Fraud investigation leads to child abuse material charges
Editor’s note: Audio grabs are available via Hightail
A Sydney man has been charged for allegedly possessing more than 3,500 images and videos of child abuse material.
The man, 40, came to police attention during a Taskforce Integrity investigation, Operation Bonito. Taskforce Integrity is a partnership between the Australian Federal Police (AFP) and Services Australia targeting fraud and identity crime.
AFP and Services Australia investigators executed two search warrants in the Sydney suburbs of Rooty Hill and Mt Druitt in February, 2022 as part of the fraud investigation. Police seized evidence including documents and electronic devices.
It will be alleged that during a forensic examination of the devices police found more than 3,500 images and videos of child abuse material.
The man was arrested today (18 July, 2022) at Hassall Grove by AFP Taskforce Integrity investigators and NSW Police officers from the Mt Druitt Proactive Crime Team.
He was charged with:
- one count of possessing or controlling child abuse material obtained or accessed using a carriage service, contrary to section 474.22A of the Criminal Code 1995 (Cth); and
- one count of using a carriage service to access child abuse material, contrary to section 474.22(1)(a)(i) of the Criminal Code 1995 (Cth).
The maximum penalty for these offences is 15 years’ imprisonment.
AFP Detective Acting Superintendent Rachel Ball said AFP investigators are adaptive and will follow the evidence wherever it leads to help secure prosecutions and protect the community.
“We have not ruled out the possibility of additional charges and arrests as part of the ongoing fraud investigation,” Det. Acting Supt. Ball said.
The man is due to appear before Mt Druitt Local Court this afternoon.
The AFP and its partners are committed to stopping child exploitation and abuse and the Australian Centre to Counter Child Exploitation is driving a collaborative national approach to combatting child abuse.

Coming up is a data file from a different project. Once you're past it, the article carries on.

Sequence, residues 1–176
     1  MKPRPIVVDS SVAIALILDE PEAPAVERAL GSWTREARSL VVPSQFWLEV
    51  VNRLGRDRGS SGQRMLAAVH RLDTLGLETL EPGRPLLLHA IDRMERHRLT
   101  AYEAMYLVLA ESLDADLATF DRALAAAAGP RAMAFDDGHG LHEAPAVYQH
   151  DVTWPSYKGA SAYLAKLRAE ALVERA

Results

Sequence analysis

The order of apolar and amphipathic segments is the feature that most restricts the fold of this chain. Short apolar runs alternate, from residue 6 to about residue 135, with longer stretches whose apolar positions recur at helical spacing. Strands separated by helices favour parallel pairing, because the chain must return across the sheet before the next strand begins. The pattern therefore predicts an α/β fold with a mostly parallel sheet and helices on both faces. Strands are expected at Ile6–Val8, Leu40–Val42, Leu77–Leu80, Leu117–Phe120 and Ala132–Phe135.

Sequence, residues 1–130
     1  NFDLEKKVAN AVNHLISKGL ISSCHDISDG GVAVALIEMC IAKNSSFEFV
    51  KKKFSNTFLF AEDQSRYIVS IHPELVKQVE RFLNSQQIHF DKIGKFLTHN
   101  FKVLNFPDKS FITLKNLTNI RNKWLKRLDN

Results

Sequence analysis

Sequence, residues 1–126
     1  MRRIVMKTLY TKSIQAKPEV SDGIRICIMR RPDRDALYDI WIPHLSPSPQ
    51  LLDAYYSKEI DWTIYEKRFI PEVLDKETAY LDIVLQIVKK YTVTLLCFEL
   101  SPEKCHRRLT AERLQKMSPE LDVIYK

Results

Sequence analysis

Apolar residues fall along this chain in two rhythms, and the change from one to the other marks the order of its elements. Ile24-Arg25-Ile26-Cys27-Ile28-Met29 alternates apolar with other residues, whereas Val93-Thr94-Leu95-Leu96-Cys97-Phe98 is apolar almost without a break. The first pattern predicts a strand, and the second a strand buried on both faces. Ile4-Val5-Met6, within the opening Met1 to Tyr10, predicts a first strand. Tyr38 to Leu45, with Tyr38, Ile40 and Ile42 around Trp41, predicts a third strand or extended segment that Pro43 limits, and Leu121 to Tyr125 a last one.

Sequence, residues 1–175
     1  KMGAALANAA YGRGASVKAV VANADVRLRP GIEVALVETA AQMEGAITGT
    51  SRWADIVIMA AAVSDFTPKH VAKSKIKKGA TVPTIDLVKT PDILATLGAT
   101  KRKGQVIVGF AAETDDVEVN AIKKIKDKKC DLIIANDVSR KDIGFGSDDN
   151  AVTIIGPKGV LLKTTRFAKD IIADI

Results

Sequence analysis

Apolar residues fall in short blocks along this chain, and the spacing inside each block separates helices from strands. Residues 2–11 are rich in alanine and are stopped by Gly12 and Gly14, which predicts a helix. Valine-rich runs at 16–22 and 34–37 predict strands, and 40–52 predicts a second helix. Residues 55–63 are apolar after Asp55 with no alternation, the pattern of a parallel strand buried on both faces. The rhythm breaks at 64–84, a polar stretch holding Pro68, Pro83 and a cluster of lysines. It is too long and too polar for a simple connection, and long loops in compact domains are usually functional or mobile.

The ACCCE brings together specialist expertise and skills in a central hub, supporting investigations into online child sexual exploitation and developing prevention strategies focused on creating a safer online environment.
Members of the public who have information about people involved in child abuse and exploitation are urged to call Crime Stoppers on 1800 333 000 or www.accce.gov.au/report. If you know abuse is happening right now or a child is at risk, call police immediately on 000.
Research conducted by the ACCCE in 2020 revealed only about half of parents talked to their children about online safety.
An award-winning podcast launched last year by the ACCCE 'Closing The Net' is working to change that, showcasing that knowledge is power and that our only chance to help prevent this issue is if we bring a 'whole-of-community' response.
The podcast series offers valuable tips and advice on how to keep kids safe online. Listen to the Closing The Net podcast on your favourite streaming platform.
If you or someone you know are impacted by child sexual abuse and online exploitation there are support services available at www.accce.gov.au/support.
Advice and support for parents and carers about how they can help protect children online can be found at www.thinkuknow.org.au, an AFP-led education program designed to prevent online child sexual exploitation.
Note to media:
Use of term 'CHILD ABUSE' MATERIAL NOT 'CHILD PORNOGRAPHY'
The correct legal term is Child Abuse Material – the move to this wording was among amendments to Commonwealth legislation in 2019 to more accurately reflect the gravity of the crimes and the harm inflicted on victims.
Use of the phrase "child pornography" is inaccurate and benefits child sex abusers because it:
- indicates legitimacy and compliance on the part of the victim and therefore legality on the part of the abuser; and
- conjures images of children posing in 'provocative' positions, rather than suffering horrific abuse.
Every photograph or video captures an actual situation where a child has been abused.
AFP Media: (02) 5126 9297